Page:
The Background Story

There is a movement afoot in today’s construction industry to build big with wood. While wood-frame construction is the predominant way to build homes in North America, it is only beginning to be the preferred choice for non-residential projects. A growing number of architects, engineers and general contractors are planning and constructing showcase wood structures in applications not normally associated with wood – applications like airports, sports stadiums and apartment towers.

Sustainability is one of the primary drivers of this wood movement. Architects are coming to realize the environmental benefits of using wood and are specifying it in their project requirements. Life cycle assessment studies have proven that wood products use less energy and create less pollution in manufacture than steel or concrete.  And, in addition to being the only renewable building material, wood sequesters the greenhouse gas Carbon Dioxide (CO2). This process stores carbon in the wood cells and only releases it if the wood rots or burns. Treating buildings as carbon sinks in this way can significantly decrease greenhouse gases in the atmosphere (one cubic yard of wood roughly amounts to one ton of sequestered CO2) especially when considering the carbon emissions avoided by not using steel and concrete. Using more wood structurally has been identified as a viable way to combat Climate Change.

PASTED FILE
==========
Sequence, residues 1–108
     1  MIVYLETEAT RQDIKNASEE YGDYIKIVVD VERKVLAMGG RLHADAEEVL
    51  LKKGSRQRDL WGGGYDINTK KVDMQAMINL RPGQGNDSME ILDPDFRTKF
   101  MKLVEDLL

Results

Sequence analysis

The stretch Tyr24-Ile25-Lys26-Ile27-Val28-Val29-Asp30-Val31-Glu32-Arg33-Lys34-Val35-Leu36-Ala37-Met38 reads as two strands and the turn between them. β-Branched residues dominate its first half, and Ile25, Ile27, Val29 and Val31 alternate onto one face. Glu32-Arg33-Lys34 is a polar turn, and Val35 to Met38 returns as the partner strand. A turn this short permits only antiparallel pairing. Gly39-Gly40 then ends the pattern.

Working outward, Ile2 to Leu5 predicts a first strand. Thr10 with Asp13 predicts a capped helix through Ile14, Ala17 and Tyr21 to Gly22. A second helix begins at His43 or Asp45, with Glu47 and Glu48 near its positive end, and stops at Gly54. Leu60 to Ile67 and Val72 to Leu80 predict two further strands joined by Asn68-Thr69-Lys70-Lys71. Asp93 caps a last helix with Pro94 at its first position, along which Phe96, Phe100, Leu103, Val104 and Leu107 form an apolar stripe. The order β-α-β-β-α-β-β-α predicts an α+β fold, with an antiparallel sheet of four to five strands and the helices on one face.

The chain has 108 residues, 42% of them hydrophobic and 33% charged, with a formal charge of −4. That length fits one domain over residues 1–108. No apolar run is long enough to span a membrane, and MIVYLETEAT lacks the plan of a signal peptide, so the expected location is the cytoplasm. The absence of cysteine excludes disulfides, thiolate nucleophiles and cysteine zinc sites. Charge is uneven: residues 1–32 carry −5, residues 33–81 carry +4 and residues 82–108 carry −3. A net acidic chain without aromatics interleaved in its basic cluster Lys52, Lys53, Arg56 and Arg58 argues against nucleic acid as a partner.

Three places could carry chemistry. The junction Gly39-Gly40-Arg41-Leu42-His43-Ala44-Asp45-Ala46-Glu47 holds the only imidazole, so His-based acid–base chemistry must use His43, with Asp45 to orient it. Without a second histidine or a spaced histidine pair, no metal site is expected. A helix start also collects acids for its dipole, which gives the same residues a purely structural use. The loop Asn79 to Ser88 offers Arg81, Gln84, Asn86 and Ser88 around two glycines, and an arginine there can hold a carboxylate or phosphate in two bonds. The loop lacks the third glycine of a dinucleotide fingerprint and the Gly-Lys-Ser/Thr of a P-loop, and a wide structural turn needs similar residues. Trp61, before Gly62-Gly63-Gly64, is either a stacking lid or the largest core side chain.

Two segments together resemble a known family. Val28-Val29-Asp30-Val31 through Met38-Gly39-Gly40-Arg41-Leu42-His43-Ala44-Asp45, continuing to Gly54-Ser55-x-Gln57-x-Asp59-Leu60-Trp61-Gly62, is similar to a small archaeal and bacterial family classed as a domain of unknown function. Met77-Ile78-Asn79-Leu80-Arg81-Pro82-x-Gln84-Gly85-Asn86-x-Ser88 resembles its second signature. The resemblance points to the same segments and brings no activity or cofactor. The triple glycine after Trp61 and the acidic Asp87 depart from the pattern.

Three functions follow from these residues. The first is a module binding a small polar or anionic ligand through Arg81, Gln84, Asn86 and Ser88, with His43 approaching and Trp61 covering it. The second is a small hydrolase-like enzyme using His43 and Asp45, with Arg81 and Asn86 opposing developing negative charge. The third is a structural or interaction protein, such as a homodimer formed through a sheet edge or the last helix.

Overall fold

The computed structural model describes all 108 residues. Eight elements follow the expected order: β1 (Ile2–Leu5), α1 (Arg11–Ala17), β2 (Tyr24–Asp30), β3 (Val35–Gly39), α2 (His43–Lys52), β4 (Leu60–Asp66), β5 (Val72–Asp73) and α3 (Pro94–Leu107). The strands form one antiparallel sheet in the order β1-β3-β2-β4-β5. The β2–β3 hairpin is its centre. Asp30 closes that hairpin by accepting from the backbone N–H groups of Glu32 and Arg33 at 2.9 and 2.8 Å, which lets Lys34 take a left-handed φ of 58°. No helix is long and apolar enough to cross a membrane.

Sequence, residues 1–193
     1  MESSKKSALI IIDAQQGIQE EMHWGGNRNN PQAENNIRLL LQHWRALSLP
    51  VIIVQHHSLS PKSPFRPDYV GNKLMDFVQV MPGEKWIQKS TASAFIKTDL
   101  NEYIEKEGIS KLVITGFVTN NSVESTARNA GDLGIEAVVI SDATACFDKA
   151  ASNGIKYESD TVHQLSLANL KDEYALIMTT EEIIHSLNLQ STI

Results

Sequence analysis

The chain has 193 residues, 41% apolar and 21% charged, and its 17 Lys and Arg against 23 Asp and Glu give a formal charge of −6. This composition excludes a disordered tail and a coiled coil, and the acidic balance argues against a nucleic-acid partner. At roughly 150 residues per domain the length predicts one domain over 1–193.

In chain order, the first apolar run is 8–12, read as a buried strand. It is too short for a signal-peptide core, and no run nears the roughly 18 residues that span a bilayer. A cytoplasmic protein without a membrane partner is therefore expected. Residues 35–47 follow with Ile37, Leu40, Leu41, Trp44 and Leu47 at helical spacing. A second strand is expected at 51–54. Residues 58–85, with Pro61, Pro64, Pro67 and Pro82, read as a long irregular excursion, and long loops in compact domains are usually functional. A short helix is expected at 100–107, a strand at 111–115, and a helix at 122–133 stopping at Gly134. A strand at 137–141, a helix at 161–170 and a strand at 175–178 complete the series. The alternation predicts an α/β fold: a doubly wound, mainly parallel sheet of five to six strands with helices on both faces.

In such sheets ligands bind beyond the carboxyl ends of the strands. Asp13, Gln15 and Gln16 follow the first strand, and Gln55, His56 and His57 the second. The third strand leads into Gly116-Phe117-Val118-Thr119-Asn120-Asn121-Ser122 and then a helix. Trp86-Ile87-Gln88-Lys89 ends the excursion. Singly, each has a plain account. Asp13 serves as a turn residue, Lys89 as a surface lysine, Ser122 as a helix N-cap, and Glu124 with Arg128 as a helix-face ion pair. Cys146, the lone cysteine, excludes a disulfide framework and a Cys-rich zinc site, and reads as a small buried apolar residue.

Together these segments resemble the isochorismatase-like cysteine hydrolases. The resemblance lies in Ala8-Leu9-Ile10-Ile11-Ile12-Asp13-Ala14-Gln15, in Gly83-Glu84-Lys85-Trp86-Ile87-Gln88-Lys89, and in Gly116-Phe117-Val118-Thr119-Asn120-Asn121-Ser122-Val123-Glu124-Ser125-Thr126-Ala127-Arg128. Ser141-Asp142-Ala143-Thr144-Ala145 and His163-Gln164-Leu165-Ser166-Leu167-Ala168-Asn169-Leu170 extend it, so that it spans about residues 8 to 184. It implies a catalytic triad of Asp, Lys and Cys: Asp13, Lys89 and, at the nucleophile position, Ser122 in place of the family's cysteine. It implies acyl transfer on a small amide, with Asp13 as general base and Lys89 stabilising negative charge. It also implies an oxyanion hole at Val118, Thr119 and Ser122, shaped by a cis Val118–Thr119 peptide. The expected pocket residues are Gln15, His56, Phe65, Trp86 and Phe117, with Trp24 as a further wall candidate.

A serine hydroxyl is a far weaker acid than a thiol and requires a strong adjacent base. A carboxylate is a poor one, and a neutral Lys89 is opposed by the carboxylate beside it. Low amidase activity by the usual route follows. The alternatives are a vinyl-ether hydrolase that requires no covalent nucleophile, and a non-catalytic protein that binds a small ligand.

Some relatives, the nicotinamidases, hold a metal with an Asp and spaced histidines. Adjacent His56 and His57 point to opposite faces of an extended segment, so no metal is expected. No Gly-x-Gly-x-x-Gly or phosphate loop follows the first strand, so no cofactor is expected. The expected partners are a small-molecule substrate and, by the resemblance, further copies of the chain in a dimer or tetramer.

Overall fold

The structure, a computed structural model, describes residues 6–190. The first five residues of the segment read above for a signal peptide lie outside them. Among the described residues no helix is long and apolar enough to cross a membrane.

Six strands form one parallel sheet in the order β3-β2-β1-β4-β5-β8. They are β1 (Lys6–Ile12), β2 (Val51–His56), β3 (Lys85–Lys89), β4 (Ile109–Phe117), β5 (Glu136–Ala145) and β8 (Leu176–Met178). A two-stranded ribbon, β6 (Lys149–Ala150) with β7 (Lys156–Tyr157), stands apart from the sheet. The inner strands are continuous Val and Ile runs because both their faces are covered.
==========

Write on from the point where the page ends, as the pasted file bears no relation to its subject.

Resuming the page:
New technology is also spurring the shift towards wood. Cross Laminated Timber (CLT) is a new prefabricated wood panel system allowing designers to push the height limit of wood structures beyond what was ever before imagined. In 2009, Architects Waugh Thistleton built a first-of-its-kind nine-story apartment building (called Stadthaus) from CLT. Since then, a 10-story CLT tower has gone up in Melbourne, Australia (called Forté) and numerous plans are in place to go even higher in other parts of the world.

Also leading thIDBe way, UMass Amherst is planning a first-of-its-kind academic institutional wood-framed structure to house the Building and Construction Technology program together with Architecture+Design and Landscape Architecture, Regional Planning scheduled for completion in Spring 2017. The building will be a demonstration of leading-edge timber engineering. Framed with a hybrid CLT-concrete composite, the building will highlight sustainable building strategies and be the most technologically advanced wood structure in New England, if not the U.S., at the time of construction.

So… during the last , our interdisciplinary team of faculty and graduate students have been working together to produce a timber grid shell as part of a public exhibition on wood architecture and engineering at UMass. The intent of the exhibition is to build local enthusiasm for the new UMass Design building, while at the same time to educate the public on recently constructed wood high rises (tall timber), cutting-edge wood research at UMass, as well as the sustainable aspects of wood.

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